The Virtual Radio Sky

Daniel Schlich

project report

Radio astronomy is one of the most interesting areas of astronomy, however, conducting real radio astronomy is a major undertaking requiring at least an antenna, a receiver and a data recorder. In addition to this, accurate observations also require a tracking system and a computer for data processing. This is why radio astronomy is out of reach for most schools and normal people.

Fortunately, my former school had been given a 1.7 m parabolic mirror including tracking system and receiver by the Max-Planck-Institute for Radio Astronomy (MPIfR). This equipment formed the basis of a club that conducted many interesting experiments and won several awards.

How might someone do radio astronomy with little effort? This question kept coming up in conversations with other schools, teachers and students. Motivated by a request from MPIfR to return the telescope, we have been looking into possible solutions. There were many approaches, e.g. the world's smallest radio telescope by Mario Simons, Gerd Nolden and Silke Kremer consisting of a 35 cm parabolic mirror and an amplifier, which can be constructed with fairly little effort. However, due to its small size, this little telescope is only suitable for solar observations.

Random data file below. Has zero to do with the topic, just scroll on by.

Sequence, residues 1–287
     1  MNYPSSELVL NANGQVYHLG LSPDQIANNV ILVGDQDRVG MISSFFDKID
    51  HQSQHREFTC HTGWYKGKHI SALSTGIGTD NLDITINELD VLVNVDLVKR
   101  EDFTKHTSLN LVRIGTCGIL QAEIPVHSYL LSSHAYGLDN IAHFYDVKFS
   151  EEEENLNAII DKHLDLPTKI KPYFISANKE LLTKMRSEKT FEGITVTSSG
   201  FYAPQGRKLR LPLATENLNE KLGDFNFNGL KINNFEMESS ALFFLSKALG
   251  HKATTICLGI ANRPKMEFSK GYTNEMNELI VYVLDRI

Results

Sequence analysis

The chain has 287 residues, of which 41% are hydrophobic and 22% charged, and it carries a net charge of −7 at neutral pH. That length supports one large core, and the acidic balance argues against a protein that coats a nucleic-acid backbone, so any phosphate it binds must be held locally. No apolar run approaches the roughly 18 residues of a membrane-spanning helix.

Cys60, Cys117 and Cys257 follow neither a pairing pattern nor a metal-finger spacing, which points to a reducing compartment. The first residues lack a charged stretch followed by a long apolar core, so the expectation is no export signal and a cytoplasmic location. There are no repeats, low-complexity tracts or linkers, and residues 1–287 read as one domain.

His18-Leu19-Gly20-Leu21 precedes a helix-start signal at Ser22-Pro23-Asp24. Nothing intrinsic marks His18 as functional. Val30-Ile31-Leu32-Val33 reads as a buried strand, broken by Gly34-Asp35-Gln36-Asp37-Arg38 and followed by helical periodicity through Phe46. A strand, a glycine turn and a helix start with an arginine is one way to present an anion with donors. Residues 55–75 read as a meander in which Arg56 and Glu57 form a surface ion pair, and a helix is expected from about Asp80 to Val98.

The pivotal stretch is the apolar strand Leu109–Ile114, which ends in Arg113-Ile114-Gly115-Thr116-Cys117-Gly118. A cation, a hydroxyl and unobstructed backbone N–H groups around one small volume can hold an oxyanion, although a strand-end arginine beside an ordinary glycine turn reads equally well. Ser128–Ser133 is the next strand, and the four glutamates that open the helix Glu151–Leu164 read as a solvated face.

My project is an attempt to make the entire radio sky available for radio astronomical observations by anyone. I have created the radio sky based on measurements from the radio telescopes Effelsberg, Jodrell Banks and Parkes. Furthermore, I have written a program that allows the user to measure this virtual radio sky using a virtual radio telescope. Radio sources can be detected with a resolution of 3.4 arc minutes.

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